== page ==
The Discomfort of Uncertainty

My goal in life is to become more comfortable with the discomfort of uncertainty. How should I proceed when the way is ambiguous, obscured, or completely darkened? It is easy to feel fear—to worry. I do that often. The question is: Can I still make progress? Can I still take steps forward in life when the future is unclear? I must, because sometimes it’s the only way to get anywhere.

As a student, I loved questions. I liked being prompted (through instructional inquiry) just beyond the boundaries of my understanding into knew knowledge territory. I still enjoy feeling mildly frustrated—struggling, but knowing that I will make something out of the effort. Whether mentally (e.g., crossword puzzles) or physically (e.g., exercise), I find pleasure in doing things that test me without breaking me.

Certainly, I also like that some things in life come easily. I’m glad I don’t have to hunt for my meals or make all of my own clothes. However, there is a particular level of challenge that I find inspiring—so long as failure versus success isn’t a matter of safety versus injury or life and death.

There is something interesting about a bit of ignorance as it relates to the future. Will we win the game? Will I secure the job/client/raise? What will happen on this trip or adventure? Is this the beginning of long-lasting love? How will this decision factor into my future? Uncertainty can be terrifying, but it can also be exciting and motivating. Questions keep us on our toes. They keep us striving.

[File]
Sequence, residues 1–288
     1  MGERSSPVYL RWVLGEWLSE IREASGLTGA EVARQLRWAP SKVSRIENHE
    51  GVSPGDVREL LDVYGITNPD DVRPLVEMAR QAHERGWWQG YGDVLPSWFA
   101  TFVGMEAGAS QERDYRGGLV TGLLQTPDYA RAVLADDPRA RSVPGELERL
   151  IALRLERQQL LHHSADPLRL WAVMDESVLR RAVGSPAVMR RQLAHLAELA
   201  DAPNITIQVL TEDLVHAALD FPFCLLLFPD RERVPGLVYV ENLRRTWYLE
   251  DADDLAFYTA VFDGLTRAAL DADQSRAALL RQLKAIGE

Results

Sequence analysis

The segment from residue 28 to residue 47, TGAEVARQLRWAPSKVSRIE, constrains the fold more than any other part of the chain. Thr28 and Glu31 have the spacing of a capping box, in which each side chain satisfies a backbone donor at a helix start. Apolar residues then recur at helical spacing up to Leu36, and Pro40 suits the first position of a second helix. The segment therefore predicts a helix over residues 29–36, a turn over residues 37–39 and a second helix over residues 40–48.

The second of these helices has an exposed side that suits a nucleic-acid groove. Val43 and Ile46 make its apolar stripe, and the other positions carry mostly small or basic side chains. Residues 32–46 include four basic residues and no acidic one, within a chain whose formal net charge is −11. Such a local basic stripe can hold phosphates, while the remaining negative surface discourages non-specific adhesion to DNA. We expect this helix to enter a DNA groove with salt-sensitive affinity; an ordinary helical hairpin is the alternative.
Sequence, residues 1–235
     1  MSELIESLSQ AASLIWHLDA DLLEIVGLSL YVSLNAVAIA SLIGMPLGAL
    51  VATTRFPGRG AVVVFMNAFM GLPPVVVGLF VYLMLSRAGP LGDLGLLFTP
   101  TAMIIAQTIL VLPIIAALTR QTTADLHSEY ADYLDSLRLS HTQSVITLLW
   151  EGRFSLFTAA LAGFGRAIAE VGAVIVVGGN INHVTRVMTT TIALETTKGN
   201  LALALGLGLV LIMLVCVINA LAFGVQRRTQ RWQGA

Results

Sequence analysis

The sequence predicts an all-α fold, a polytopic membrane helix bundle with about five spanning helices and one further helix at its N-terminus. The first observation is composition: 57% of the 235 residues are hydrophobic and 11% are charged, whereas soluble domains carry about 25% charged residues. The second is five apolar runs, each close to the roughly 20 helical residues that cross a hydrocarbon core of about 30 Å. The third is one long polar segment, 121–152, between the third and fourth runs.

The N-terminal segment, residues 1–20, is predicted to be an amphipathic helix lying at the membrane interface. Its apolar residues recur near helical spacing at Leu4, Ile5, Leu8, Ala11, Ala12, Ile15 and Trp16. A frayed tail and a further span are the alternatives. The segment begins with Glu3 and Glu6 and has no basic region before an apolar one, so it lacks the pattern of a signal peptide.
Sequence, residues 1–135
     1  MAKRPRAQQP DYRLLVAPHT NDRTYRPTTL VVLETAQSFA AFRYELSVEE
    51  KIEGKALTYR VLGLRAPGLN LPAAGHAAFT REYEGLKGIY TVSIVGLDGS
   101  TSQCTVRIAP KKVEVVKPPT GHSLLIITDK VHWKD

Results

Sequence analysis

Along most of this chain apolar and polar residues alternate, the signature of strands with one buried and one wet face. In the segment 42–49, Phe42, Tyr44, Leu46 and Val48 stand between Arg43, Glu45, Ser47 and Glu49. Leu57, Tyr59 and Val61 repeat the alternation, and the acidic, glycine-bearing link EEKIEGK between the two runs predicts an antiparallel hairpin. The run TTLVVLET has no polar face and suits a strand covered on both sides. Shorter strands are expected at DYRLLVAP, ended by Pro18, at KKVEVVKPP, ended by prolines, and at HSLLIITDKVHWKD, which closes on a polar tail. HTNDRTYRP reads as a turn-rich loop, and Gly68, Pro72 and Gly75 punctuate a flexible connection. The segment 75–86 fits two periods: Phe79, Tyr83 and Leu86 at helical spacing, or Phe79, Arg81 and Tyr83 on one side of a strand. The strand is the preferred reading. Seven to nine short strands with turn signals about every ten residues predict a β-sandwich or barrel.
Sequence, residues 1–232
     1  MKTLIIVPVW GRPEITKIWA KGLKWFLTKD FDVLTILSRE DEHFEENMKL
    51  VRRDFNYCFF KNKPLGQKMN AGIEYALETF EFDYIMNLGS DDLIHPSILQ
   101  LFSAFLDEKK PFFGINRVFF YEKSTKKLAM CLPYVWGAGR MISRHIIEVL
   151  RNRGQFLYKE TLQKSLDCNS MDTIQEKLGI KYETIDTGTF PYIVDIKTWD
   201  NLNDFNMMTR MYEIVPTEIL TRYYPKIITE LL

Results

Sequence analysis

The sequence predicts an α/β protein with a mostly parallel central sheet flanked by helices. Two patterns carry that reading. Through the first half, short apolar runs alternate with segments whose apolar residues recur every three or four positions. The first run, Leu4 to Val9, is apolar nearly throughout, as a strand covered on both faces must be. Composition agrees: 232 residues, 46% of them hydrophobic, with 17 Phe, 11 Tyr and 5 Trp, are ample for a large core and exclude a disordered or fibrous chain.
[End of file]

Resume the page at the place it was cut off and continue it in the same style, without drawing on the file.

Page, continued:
And isn’t that why we don’t really want a map of our whole life all plotted out and certain? There is beauty and joy in discovering—in coming to something (some place within ourselves even) that is novel, unchartered territory—so unexpected it feels foreign.

If all of life were known beforehand, it would loose much of its luster. So many of the things that have added value to my existence are people and experiences I didn’t see coming.

So while it is easy to feel fear and discomfort when I can’t fully plot out my way, I’m working on holding less anxiety when an area of my life grows muddied or gray. Can I take steps forward even when I can’t perceive the whole path? Can I embrace life’s questions and all the lessons they have?

The Discomfort of Uncertainty

“Be patient toward all that is unsolved in your heart and try to love the questions themselves like locked rooms and like books that are written in a very foreign tongue. Do not now seek the answers, which cannot be given you because you would not be able to live them. And the point is, to live everything. Live the questions now. Perhaps you will then gradually, without noticing it, live along some distant day into the answer.” ~ Rainer Maria Rilke in Letters to a Young Poet

 

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